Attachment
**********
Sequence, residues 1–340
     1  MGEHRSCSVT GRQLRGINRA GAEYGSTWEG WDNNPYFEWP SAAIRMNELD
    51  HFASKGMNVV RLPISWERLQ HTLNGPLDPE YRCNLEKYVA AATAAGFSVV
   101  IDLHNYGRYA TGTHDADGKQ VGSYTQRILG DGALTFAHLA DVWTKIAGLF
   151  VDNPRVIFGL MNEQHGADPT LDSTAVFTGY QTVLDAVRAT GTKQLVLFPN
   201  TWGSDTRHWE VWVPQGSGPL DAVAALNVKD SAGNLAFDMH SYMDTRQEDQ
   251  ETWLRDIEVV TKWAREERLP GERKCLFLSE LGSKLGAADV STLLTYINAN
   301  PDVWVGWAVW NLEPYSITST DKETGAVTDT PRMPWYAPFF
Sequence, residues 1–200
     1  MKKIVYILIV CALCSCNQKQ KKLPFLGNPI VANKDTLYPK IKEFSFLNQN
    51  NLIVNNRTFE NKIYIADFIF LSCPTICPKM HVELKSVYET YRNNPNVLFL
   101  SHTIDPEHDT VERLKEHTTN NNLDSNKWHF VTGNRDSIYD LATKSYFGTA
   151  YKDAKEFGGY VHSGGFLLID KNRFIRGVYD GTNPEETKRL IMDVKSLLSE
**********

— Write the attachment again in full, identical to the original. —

Sequence, residues 1–340
     1  MGEHRSCSVT GRQLRGINRA GAEYGSTWEG WDNNPYFEWP SAAIRMNELD
    51  HFASKGMNVV RLPISWERLQ HTLNGPLDPE YRCNLEKYVA AATAAGFSVV
   101  IDLHNYGRYA TGTHDADGKQ VGSYTQRILG DGALTFAHLA DVWTKIAGLF
   151  VDNPRVIFGL MNEQHGADPT LDSTAVFTGY QTVLDAVRAT GTKQLVLFPN
   201  TWGSDTRHWE VWVPQGSGPL DAVAALNVKD SAGNLAFDMH SYMDTRQEDQ
   251  ETWLRDIEVV TKWAREERLP GERKCLFLSE LGSKLGAADV STLLTYINAN
   301  PDVWVGWAVW NLEPYSITST DKETGAVTDT PRMPWYAPFF
Sequence, residues 1–200
     1  MKKIVYILIV CALCSCNQKQ KKLPFLGNPI VANKDTLYPK IKEFSFLNQN
    51  NLIVNNRTFE NKIYIADFIF LSCPTICPKM HVELKSVYET YRNNPNVLFL
   101  SHTIDPEHDT VERLKEHTTN NNLDSNKWHF VTGNRDSIYD LATKSYFGTA
   151  YKDAKEFGGY VHSGGFLLID KNRFIRGVYD GTNPEETKRL IMDVKSLLSE